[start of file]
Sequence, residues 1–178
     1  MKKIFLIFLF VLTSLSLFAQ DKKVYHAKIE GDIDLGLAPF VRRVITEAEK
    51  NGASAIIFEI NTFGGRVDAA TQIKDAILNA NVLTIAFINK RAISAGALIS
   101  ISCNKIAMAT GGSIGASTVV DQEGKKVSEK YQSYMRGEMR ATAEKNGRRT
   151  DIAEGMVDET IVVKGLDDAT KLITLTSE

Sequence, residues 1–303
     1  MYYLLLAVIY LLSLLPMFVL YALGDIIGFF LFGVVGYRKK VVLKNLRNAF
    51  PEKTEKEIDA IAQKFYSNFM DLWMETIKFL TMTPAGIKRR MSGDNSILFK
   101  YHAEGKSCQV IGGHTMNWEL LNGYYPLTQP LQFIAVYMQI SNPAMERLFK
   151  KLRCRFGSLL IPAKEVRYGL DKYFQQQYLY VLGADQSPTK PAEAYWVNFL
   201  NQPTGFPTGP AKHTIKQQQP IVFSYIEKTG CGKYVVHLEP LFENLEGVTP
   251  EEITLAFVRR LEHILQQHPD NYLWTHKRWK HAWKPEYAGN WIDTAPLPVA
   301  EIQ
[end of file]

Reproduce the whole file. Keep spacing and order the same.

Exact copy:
Sequence, residues 1–178
     1  MKKIFLIFLF VLTSLSLFAQ DKKVYHAKIE GDIDLGLAPF VRRVITEAEK
    51  NGASAIIFEI NTFGGRVDAA TQIKDAILNA NVLTIAFINK RAISAGALIS
   101  ISCNKIAMAT GGSIGASTVV DQEGKKVSEK YQSYMRGEMR ATAEKNGRRT
   151  DIAEGMVDET IVVKGLDDAT KLITLTSE

Sequence, residues 1–303
     1  MYYLLLAVIY LLSLLPMFVL YALGDIIGFF LFGVVGYRKK VVLKNLRNAF
    51  PEKTEKEIDA IAQKFYSNFM DLWMETIKFL TMTPAGIKRR MSGDNSILFK
   101  YHAEGKSCQV IGGHTMNWEL LNGYYPLTQP LQFIAVYMQI SNPAMERLFK
   151  KLRCRFGSLL IPAKEVRYGL DKYFQQQYLY VLGADQSPTK PAEAYWVNFL
   201  NQPTGFPTGP AKHTIKQQQP IVFSYIEKTG CGKYVVHLEP LFENLEGVTP
   251  EEITLAFVRR LEHILQQHPD NYLWTHKRWK HAWKPEYAGN WIDTAPLPVA
   301  EIQ